• What specifically did they say that was considered misleading? From what I have read, they referenced Medicare benefits might be cut under health care reform based on the reports from te Congressional Budget Office. Looks to me the federal government is NOT allowing an insurance company to question the bill and encourage their customers to question the bill which would then lead to an HONEST debate about the health care bill.



    Answer by grlygrlz2 at 2:21 PM on Sep. 24, 2009

  • There is no argument that they mislead people, McConnell isn't even disputing that. Just that they have the RIGHT to do it

    Answer by sweet-a-kins at 2:23 PM on Sep. 24, 2009

  • There is NOTHING misleading about the mailer. mailer


    Answer by grlygrlz2 at 2:26 PM on Sep. 24, 2009

  • I see nothing wrong with this mailer.

    Answer by grlygrlz2 at 2:27 PM on Sep. 24, 2009

  • Thank you grlygrlz2! There is absolutely nothing misleading about the letter. It only went out to people that currently do business with Humana. It is their right to contact their customers. They can't issue a gag order, there is no court proceeding involving Humana and the govt.

    I think it is a very scary attempt to silence the dissenters....many of which are the elderly. There are serious cuts to medicare. The people have a right to know about them. There is nothing wrong with medicare advantage policy holders getting that info from their insurer. IMO, it is the insurers responsiblity to let them know of possible changes to their policies.


    Answer by yourspecialkid at 2:33 PM on Sep. 24, 2009

  • Not to mention, HHS did not have any problems with AARP's article to their members that incorrectly(based on the CBO report) claims that Medicare benefits will not be affected. If Obama's plan is truly better and not going to hinder Medicare Advantage Benefits. Were is the proof from Democrats and Obama?  Their bill should be able to withstand TRUE debate without the need of a Federal Gag Order on a company who questions a proposed bill.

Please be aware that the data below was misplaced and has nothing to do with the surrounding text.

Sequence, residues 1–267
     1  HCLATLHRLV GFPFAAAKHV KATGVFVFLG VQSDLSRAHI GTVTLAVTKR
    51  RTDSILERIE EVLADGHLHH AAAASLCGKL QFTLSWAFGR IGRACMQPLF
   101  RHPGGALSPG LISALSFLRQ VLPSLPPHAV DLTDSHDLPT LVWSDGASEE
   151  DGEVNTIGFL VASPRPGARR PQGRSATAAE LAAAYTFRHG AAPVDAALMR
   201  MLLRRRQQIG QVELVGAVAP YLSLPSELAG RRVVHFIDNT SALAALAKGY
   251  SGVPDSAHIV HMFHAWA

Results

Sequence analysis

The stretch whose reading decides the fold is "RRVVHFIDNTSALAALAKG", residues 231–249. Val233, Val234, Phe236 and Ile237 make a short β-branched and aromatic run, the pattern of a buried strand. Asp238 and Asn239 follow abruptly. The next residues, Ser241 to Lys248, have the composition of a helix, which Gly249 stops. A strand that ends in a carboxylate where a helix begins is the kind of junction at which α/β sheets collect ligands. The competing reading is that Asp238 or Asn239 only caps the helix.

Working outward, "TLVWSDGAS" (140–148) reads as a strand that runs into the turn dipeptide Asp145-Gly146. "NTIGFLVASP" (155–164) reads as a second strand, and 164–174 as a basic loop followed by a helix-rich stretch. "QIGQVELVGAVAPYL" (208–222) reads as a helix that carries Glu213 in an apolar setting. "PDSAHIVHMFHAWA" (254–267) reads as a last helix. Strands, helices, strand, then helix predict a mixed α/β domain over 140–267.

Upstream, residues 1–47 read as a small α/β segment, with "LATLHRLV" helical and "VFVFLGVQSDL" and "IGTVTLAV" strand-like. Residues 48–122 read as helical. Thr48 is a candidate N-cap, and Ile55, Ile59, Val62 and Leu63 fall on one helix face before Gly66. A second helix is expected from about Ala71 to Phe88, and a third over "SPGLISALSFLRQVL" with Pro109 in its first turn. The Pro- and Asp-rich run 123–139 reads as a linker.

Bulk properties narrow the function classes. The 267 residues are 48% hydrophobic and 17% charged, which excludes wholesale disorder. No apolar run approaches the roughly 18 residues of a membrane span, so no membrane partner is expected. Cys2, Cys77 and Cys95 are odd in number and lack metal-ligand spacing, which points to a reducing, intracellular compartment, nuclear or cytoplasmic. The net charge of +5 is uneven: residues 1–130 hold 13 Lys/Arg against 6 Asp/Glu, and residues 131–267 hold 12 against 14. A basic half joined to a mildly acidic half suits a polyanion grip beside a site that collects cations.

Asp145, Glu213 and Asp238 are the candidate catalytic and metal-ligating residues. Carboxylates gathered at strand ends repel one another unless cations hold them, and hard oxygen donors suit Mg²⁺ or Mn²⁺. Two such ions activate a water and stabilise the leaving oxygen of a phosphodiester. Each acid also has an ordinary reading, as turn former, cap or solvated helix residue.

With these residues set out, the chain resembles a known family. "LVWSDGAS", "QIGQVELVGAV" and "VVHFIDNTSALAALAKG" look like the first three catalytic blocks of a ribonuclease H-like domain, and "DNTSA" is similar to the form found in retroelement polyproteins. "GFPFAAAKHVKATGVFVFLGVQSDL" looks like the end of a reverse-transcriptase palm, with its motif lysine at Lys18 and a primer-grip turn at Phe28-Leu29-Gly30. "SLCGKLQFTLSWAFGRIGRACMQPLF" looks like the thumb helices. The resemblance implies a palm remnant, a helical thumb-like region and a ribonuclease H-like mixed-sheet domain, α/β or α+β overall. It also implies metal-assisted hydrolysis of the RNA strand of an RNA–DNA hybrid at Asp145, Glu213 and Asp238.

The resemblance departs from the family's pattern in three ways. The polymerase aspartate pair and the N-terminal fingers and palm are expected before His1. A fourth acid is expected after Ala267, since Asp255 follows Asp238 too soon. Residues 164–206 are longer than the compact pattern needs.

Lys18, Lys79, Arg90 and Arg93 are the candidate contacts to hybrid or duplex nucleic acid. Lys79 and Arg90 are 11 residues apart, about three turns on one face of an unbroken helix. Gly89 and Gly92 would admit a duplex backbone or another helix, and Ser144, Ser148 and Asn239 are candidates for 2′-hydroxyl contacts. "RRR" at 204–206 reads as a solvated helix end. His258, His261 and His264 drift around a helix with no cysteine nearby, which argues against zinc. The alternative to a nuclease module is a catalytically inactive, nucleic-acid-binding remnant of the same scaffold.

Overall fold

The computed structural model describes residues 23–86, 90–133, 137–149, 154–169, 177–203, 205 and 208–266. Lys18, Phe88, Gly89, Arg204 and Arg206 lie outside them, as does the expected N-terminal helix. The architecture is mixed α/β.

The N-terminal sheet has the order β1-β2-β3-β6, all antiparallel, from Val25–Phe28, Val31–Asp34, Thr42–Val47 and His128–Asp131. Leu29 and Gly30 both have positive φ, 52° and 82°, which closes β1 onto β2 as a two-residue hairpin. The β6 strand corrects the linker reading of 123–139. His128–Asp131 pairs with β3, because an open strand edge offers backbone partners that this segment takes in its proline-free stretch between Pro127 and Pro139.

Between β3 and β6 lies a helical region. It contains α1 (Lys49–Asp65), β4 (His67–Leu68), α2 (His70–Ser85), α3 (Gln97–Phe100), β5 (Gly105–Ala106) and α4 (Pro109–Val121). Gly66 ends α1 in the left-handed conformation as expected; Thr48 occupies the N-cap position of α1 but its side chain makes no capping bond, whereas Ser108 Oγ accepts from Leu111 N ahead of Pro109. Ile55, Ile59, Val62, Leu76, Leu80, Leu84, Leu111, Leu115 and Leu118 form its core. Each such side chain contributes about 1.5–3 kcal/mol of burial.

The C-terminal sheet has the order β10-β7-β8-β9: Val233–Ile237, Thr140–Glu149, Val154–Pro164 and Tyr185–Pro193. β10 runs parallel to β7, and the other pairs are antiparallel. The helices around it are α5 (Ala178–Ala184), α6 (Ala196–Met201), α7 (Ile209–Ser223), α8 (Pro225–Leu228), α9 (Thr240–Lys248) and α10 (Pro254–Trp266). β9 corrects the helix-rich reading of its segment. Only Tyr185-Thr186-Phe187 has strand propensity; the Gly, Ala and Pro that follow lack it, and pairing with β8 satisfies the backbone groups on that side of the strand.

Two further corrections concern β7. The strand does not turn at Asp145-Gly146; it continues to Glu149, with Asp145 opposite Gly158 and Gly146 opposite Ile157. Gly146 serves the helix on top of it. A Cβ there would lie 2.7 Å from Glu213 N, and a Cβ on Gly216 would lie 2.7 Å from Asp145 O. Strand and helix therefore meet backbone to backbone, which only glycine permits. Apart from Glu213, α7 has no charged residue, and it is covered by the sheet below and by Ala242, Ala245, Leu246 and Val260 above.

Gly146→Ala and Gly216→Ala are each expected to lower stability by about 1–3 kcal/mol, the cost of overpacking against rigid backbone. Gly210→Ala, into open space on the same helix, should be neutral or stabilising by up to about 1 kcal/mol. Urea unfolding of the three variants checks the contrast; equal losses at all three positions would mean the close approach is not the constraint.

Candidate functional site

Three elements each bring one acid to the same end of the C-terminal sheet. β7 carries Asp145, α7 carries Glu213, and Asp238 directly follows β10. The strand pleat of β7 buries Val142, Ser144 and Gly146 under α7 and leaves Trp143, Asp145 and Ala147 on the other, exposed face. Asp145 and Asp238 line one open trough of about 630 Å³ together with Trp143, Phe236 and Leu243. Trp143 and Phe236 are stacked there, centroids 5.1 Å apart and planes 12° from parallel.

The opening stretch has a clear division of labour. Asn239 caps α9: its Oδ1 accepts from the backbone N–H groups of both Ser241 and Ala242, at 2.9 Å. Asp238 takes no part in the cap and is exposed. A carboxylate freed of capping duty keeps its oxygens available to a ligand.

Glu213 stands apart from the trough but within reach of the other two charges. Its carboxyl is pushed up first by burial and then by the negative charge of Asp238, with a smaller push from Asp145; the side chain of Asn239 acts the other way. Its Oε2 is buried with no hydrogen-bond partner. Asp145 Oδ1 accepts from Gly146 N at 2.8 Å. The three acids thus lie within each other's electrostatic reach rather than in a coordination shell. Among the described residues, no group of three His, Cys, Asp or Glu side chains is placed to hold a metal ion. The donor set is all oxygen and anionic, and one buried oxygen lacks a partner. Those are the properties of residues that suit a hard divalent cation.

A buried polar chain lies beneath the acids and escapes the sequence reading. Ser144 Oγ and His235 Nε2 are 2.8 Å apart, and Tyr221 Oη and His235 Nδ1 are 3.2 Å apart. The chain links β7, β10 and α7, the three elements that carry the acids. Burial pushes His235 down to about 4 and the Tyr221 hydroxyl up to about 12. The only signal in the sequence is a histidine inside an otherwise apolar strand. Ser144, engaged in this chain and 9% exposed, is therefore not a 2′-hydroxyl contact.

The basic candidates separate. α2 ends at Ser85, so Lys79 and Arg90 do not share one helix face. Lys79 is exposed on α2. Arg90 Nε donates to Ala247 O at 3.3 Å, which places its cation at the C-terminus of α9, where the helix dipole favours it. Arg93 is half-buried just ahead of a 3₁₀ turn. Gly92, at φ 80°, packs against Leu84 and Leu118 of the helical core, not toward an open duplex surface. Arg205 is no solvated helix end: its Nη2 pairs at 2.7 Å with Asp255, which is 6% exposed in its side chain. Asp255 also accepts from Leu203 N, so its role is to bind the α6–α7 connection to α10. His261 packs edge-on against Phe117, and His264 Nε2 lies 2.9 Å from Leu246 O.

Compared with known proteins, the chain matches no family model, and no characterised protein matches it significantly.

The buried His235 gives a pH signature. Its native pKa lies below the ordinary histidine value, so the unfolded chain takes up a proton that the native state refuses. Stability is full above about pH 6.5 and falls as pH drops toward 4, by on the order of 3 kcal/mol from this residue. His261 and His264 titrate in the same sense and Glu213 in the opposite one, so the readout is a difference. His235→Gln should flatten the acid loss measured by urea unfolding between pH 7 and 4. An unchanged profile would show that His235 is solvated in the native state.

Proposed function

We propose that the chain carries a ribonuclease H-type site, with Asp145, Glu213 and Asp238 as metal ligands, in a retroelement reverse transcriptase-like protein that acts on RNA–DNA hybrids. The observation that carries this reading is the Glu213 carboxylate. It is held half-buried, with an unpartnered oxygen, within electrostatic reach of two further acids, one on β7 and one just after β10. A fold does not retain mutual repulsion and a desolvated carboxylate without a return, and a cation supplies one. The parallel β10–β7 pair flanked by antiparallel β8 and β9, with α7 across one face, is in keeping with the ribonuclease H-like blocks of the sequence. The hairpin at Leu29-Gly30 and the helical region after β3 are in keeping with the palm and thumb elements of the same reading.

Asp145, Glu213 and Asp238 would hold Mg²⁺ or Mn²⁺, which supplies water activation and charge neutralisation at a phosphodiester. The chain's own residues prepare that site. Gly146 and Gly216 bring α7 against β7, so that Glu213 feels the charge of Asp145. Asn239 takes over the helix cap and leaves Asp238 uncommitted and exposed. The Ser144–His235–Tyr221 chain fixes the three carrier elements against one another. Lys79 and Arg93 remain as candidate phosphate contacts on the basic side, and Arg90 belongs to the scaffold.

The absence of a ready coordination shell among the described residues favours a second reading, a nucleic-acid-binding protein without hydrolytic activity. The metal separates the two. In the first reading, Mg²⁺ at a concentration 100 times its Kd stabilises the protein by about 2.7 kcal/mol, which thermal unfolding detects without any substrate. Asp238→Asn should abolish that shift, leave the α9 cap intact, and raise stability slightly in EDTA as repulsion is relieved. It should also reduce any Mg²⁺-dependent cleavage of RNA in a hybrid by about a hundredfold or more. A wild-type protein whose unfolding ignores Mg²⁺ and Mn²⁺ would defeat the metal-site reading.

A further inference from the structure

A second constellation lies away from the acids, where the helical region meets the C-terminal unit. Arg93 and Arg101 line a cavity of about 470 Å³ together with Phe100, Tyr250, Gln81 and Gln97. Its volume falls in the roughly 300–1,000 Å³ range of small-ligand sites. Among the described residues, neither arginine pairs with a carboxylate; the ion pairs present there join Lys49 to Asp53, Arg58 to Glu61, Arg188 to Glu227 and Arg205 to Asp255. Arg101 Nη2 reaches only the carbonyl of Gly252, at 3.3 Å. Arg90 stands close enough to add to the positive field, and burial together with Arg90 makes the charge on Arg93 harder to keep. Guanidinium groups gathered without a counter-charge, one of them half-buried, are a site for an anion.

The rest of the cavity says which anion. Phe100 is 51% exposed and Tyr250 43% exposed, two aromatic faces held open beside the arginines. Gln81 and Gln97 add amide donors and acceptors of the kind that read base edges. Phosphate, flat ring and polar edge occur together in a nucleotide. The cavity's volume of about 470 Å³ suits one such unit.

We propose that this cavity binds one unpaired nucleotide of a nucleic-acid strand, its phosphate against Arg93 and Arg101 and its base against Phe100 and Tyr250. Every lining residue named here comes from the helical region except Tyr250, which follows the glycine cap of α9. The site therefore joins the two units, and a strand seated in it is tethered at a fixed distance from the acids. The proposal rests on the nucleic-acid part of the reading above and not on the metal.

Answer by grlygrlz2 at 2:36 PM on Sep. 24, 2009

  • Just more wanting to shut people up ladies typical of this admin.

    Answer by tnmomofive at 3:03 PM on Sep. 24, 2009

  • They weren't "misleading" anyone sweet-a-kins. The only ones guilty of that right now is our government! They're trying to shove a very bad UHC plan down our throats, and keep anyone who would dare speak out against it, quiet.  This is a typical, liberal tactic.

    They're doing the same thing with this, that they did with the stimulus package...they never bothered to take the time to READ what was actually in it.  Instead, they rushed it through, using the same rhetoric they're using in trying to get UHC passed. "Sit down, shut up, close your eyes, and sign on the dotted line."  IT'S WRONG, AND PEOPLE ARE NOT GOING TO KEEP QUIET ABOUT IT!!!


    Answer by MemawBrie at 3:14 PM on Sep. 24, 2009